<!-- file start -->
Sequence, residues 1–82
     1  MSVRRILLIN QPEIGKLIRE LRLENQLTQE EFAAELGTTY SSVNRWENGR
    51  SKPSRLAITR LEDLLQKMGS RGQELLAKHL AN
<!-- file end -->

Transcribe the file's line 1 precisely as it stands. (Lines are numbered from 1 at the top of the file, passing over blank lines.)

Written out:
Sequence, residues 1–82